MONDAY MORNING RISK MONITOR: RISK RISES ON WEAK EARNINGS AND FISCAL CLIFF - ECB

 

11. Markit MCDX Index Monitor – Last week spreads widened 3 bps, ending at 135 bps versus 132 bps in the prior week. The Markit MCDX is a measure of municipal credit default swaps. We believe this index is a useful indicator of pressure in state and local governments. Markit publishes index values daily on six 5-year tenor baskets including 50 reference entities each. Each basket includes a diversified pool of revenue and GO bonds from a broad array of states. We track the 16-V1. 

 

MONDAY MORNING RISK MONITOR: RISK RISES ON WEAK EARNINGS AND FISCAL CLIFF - MCDX

 

12. Chinese Steel Steel prices in China rose 0.5% last week, or 18 yuan/ton, to 3763 yuan/ton. This index has had a solid bounce from its recent lows on 9/7/12, up 12.7% since then. That said, it remains 25% below its August 2011 levels, reflecting ongoing weakness in China's construction market. We use Chinese steel rebar prices to gauge Chinese construction activity, and, by extension, the health of the Chinese economy.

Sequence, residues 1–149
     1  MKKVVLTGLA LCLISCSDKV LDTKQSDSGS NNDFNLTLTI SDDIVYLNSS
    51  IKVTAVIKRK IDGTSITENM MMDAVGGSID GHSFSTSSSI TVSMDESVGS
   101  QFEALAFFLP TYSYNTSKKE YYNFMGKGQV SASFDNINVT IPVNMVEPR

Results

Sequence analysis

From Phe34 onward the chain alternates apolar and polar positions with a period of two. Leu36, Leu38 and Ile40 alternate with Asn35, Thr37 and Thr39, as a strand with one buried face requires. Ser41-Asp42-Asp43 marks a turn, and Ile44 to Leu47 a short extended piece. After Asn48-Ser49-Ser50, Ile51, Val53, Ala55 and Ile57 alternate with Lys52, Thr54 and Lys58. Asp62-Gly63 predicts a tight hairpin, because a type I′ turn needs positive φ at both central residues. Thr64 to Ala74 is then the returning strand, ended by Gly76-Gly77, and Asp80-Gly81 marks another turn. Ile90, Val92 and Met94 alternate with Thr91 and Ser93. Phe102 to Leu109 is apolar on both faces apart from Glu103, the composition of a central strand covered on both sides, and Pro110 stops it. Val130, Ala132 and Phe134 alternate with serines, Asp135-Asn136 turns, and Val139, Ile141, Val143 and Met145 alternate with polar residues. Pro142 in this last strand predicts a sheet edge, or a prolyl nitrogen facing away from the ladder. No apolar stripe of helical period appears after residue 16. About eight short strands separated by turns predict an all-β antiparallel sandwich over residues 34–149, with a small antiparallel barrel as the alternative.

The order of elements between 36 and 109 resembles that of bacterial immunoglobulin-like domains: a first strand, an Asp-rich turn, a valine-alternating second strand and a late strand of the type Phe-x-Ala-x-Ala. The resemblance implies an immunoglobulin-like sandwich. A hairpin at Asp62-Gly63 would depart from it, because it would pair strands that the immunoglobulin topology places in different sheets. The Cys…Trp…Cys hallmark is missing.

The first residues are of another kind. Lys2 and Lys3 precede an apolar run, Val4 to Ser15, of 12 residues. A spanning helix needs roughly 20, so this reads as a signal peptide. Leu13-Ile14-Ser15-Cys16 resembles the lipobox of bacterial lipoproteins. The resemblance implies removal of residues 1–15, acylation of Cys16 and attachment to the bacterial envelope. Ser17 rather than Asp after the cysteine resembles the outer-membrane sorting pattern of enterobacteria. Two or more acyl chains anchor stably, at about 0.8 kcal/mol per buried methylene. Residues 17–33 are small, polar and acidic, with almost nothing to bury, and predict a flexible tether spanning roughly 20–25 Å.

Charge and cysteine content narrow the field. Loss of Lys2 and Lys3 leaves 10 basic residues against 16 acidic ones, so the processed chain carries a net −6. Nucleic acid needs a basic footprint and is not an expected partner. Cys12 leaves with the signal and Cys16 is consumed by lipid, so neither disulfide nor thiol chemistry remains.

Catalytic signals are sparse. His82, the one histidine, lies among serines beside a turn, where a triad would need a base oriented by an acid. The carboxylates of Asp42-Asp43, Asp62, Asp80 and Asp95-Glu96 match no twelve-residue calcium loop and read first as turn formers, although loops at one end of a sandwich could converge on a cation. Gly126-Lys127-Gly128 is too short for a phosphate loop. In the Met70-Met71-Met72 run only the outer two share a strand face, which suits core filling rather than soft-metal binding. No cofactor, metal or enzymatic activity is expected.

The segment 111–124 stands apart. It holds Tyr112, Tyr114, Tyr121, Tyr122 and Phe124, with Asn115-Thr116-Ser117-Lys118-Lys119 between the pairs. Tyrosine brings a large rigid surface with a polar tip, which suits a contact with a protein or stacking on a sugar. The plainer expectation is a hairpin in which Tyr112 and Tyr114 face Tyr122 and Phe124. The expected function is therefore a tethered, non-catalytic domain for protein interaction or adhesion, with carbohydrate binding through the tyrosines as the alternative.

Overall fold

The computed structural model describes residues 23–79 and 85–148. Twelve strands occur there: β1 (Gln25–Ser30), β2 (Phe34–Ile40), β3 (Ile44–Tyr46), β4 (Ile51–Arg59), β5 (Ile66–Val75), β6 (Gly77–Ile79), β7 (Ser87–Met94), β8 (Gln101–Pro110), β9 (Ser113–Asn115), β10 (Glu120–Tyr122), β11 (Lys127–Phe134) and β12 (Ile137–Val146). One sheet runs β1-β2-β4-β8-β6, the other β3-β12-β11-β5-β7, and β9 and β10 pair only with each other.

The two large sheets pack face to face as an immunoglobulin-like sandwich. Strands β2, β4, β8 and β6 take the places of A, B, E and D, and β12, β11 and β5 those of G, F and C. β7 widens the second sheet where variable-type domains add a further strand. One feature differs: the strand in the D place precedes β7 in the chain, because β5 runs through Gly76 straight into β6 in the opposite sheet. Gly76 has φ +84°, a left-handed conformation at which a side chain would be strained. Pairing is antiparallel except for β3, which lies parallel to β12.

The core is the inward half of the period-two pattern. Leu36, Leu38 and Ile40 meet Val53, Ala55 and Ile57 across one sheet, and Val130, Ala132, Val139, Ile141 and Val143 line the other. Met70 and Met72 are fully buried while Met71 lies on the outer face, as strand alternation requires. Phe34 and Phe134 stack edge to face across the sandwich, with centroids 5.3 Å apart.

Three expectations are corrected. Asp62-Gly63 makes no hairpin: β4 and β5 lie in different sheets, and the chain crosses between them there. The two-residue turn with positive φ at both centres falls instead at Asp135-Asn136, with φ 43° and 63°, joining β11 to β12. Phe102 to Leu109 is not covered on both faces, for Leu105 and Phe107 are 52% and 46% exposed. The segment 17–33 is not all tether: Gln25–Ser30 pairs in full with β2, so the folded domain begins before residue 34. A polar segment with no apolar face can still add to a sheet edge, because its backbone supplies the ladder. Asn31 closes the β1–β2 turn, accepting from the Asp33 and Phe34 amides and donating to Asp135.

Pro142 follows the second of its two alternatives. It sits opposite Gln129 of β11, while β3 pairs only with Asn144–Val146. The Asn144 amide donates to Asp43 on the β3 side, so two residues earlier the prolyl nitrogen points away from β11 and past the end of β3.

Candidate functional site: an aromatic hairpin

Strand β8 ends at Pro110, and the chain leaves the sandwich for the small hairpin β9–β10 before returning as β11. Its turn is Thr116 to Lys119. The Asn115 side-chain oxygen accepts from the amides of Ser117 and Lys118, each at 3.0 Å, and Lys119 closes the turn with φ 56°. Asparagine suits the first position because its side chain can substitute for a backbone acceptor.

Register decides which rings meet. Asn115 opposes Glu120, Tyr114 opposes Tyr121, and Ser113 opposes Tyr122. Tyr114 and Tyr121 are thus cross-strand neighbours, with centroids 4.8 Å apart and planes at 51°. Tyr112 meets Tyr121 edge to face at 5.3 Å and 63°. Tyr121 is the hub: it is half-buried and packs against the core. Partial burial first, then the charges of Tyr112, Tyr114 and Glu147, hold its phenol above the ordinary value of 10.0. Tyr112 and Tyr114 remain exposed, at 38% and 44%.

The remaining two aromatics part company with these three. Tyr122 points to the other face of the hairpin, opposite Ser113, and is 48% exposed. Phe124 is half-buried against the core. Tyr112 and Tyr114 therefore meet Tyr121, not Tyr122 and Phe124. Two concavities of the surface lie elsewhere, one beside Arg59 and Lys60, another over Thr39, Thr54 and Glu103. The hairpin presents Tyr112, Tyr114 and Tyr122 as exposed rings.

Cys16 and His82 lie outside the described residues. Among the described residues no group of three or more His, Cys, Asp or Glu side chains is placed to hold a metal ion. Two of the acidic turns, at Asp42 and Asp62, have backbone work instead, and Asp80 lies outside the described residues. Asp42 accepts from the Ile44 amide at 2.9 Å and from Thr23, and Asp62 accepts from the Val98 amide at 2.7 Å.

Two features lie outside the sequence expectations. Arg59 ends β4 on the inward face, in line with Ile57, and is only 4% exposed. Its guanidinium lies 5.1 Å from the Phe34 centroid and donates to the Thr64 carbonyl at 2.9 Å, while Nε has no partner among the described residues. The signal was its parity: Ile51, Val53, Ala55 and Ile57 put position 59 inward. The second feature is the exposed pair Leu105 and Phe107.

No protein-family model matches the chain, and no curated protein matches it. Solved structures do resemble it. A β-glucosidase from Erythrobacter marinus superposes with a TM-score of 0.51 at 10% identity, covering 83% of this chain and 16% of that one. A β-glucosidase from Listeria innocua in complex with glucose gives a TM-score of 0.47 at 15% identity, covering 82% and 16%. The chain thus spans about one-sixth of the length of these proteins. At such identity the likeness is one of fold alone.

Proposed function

MONDAY MORNING RISK MONITOR: RISK RISES ON WEAK EARNINGS AND FISCAL CLIFF - CHIS

 

13. 2-10 SpreadLast week the 2-10 spread tightened to 145 bps, this was 2 bps tighter than a week ago. We track the 2-10 spread as an indicator of bank margin pressure.  

 

MONDAY MORNING RISK MONITOR: RISK RISES ON WEAK EARNINGS AND FISCAL CLIFF - 2 10

 

14. XLF Macro Quantitative Setup Our Macro team’s quantitative setup in the XLF shows 1.5% upside to TRADE resistance and 0.9% downside to TRADE support.

 

MONDAY MORNING RISK MONITOR: RISK RISES ON WEAK EARNINGS AND FISCAL CLIFF - XLF

 

Margin Debt - September: +1.12 standard deviations